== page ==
The euro zone will be stuck in economic crisis by the end of the year. This is the hope of Mario Draghi, former Prime Minister of Italy and President of the European Central Bank (ECB). “It is almost certain that we will have a recession by the end of the year. “It is quite clear that this will be seen in the first two quarters of next year,” he told the Financial Times.
That makes Draghi significantly more pessimistic than the International Monetary Fund (IMF) and ECB, who expect quarterly growth of at least 0.1 percent in the last three months of this year. The IMF also expects growth to be 1.5 percent next year compared to 1.3 percent this year.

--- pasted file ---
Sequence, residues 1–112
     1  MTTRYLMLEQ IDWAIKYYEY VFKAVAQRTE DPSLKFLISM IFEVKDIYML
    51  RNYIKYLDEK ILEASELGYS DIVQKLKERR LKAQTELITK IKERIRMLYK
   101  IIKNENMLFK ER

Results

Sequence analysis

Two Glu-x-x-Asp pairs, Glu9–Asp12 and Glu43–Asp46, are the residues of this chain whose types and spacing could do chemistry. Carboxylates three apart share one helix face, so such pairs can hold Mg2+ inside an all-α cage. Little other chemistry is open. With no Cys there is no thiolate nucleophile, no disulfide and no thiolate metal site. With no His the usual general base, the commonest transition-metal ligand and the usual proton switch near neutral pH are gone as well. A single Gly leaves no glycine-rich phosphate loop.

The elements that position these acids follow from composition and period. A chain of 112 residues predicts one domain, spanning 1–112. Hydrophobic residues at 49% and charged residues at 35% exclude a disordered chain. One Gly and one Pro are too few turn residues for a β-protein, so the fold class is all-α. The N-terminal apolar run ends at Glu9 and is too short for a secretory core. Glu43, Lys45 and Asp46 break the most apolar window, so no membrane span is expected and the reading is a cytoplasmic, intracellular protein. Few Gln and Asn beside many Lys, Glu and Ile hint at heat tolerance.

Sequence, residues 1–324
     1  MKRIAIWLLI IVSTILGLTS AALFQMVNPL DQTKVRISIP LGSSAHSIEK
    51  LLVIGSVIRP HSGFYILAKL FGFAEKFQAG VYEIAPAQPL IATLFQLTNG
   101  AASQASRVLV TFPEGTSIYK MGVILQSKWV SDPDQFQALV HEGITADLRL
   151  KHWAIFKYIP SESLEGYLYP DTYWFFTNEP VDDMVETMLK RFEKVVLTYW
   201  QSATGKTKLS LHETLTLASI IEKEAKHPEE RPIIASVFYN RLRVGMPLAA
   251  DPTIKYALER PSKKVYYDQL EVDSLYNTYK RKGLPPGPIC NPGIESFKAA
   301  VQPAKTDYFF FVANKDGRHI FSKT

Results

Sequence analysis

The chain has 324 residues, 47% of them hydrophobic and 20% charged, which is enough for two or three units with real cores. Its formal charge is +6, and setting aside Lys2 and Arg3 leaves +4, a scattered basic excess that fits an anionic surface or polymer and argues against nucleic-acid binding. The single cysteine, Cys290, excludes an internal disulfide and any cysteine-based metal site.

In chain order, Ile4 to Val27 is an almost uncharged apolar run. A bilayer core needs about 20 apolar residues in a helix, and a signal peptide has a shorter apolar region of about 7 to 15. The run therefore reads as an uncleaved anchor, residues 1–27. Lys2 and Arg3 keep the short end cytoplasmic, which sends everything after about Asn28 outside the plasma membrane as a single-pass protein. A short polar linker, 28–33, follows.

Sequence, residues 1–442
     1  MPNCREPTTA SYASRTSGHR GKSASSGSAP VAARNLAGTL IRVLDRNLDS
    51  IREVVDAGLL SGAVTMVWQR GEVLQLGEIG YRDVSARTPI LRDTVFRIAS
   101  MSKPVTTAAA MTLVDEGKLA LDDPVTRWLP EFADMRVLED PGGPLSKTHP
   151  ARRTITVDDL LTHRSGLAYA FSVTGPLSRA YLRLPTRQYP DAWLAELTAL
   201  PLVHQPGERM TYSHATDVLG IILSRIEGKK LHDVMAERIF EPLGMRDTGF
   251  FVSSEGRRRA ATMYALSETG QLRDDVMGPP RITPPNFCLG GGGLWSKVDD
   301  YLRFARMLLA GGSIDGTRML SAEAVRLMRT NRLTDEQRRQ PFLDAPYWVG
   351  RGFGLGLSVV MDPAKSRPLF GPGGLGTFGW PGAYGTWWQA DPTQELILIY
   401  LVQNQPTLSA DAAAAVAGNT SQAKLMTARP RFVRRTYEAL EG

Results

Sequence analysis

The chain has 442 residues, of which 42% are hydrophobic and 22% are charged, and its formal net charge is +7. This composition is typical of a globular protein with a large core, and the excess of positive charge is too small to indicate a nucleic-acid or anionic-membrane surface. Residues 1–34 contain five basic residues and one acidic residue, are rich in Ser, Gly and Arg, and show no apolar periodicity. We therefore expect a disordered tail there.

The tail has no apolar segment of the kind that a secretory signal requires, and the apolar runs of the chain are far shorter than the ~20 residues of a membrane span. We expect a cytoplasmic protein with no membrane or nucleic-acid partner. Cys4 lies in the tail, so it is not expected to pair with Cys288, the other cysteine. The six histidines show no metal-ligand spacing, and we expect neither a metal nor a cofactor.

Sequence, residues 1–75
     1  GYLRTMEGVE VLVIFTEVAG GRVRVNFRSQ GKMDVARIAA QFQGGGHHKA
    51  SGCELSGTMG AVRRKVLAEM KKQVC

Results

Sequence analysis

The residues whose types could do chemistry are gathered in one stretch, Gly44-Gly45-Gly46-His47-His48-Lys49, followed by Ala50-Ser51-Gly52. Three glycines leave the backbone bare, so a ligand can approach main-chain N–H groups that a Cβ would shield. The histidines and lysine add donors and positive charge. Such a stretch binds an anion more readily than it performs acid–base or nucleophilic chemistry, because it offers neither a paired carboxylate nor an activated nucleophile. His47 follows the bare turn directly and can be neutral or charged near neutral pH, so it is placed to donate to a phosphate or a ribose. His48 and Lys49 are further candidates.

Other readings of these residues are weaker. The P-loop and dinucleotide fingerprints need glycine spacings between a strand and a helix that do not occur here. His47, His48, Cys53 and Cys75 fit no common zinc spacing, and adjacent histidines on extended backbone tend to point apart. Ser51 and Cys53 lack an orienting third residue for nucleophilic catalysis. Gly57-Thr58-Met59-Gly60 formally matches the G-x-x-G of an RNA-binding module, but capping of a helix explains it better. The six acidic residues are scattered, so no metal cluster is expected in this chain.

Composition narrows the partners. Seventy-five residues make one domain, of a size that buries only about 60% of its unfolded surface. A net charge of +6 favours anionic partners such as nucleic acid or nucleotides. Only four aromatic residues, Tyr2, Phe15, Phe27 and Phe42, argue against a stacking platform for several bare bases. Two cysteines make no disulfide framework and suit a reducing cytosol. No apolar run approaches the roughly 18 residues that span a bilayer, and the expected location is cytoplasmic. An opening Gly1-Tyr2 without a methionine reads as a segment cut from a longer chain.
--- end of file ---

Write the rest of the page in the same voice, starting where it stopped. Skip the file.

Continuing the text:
Draghi cited the eurozone’s low productivity, high energy costs and a shortage of skilled workers as reasons for his skeptical view of the future. He also acknowledged that Europe has lost competitiveness compared to the United States, China, South Korea and Japan over the past 20 years.
From July to September, the euro zone economy shrank 0.1 percent quarter-on-quarter, according to preliminary estimates from statistics agency Eurostat.